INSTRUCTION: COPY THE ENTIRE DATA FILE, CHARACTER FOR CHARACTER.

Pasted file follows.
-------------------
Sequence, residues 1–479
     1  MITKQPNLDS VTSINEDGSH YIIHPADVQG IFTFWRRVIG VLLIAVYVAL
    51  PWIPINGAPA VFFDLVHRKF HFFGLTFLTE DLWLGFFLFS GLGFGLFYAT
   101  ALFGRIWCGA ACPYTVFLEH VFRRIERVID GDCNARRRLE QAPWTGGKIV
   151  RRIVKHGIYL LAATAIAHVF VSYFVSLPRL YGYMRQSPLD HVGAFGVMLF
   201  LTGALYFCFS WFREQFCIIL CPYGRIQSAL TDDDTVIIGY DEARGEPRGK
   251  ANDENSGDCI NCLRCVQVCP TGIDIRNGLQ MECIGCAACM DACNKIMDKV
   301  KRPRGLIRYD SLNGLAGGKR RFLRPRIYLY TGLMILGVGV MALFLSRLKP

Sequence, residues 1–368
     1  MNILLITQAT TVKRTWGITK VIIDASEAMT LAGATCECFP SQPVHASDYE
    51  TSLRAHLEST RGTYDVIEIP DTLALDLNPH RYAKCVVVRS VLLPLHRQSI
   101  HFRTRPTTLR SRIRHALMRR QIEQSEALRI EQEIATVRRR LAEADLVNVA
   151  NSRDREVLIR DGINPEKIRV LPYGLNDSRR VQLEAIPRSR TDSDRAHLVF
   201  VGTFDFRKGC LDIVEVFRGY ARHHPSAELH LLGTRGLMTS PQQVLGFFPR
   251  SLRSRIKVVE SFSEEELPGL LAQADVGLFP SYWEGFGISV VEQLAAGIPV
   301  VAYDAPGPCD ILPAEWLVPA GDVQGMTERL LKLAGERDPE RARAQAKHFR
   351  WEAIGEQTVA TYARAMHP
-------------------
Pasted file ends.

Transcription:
Sequence, residues 1–479
     1  MITKQPNLDS VTSINEDGSH YIIHPADVQG IFTFWRRVIG VLLIAVYVAL
    51  PWIPINGAPA VFFDLVHRKF HFFGLTFLTE DLWLGFFLFS GLGFGLFYAT
   101  ALFGRIWCGA ACPYTVFLEH VFRRIERVID GDCNARRRLE QAPWTGGKIV
   151  RRIVKHGIYL LAATAIAHVF VSYFVSLPRL YGYMRQSPLD HVGAFGVMLF
   201  LTGALYFCFS WFREQFCIIL CPYGRIQSAL TDDDTVIIGY DEARGEPRGK
   251  ANDENSGDCI NCLRCVQVCP TGIDIRNGLQ MECIGCAACM DACNKIMDKV
   301  KRPRGLIRYD SLNGLAGGKR RFLRPRIYLY TGLMILGVGV MALFLSRLKP

Sequence, residues 1–368
     1  MNILLITQAT TVKRTWGITK VIIDASEAMT LAGATCECFP SQPVHASDYE
    51  TSLRAHLEST RGTYDVIEIP DTLALDLNPH RYAKCVVVRS VLLPLHRQSI
   101  HFRTRPTTLR SRIRHALMRR QIEQSEALRI EQEIATVRRR LAEADLVNVA
   151  NSRDREVLIR DGINPEKIRV LPYGLNDSRR VQLEAIPRSR TDSDRAHLVF
   201  VGTFDFRKGC LDIVEVFRGY ARHHPSAELH LLGTRGLMTS PQQVLGFFPR
   251  SLRSRIKVVE SFSEEELPGL LAQADVGLFP SYWEGFGISV VEQLAAGIPV
   301  VAYDAPGPCD ILPAEWLVPA GDVQGMTERL LKLAGERDPE RARAQAKHFR
   351  WEAIGEQTVA TYARAMHP